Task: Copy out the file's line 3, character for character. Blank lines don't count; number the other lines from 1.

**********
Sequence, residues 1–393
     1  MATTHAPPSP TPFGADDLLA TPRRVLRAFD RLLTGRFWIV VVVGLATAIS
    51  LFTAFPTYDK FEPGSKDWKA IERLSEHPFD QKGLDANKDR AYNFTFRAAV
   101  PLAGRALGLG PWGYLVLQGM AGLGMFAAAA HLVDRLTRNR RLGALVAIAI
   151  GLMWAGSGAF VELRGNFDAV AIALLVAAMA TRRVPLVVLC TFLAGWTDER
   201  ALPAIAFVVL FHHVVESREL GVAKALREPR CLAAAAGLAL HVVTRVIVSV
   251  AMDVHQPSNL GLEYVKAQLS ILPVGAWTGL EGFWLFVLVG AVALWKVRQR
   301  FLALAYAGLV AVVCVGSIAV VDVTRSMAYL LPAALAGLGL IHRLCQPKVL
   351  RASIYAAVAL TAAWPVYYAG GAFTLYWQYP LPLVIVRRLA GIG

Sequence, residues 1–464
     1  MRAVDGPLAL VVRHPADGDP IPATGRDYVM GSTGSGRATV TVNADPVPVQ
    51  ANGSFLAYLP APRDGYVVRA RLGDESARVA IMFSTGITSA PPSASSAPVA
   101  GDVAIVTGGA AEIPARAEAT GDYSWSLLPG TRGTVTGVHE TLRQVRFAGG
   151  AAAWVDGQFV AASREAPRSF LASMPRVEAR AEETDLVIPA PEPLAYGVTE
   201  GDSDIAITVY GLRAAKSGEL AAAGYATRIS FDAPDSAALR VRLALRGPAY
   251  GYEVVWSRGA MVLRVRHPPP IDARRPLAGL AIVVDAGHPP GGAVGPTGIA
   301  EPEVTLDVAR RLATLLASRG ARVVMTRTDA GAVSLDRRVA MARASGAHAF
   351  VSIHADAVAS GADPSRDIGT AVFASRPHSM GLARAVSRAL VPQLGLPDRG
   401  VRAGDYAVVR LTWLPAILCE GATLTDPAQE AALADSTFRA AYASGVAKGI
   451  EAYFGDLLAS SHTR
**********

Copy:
    51  LFTAFPTYDK FEPGSKDWKA IERLSEHPFD QKGLDANKDR AYNFTFRAAV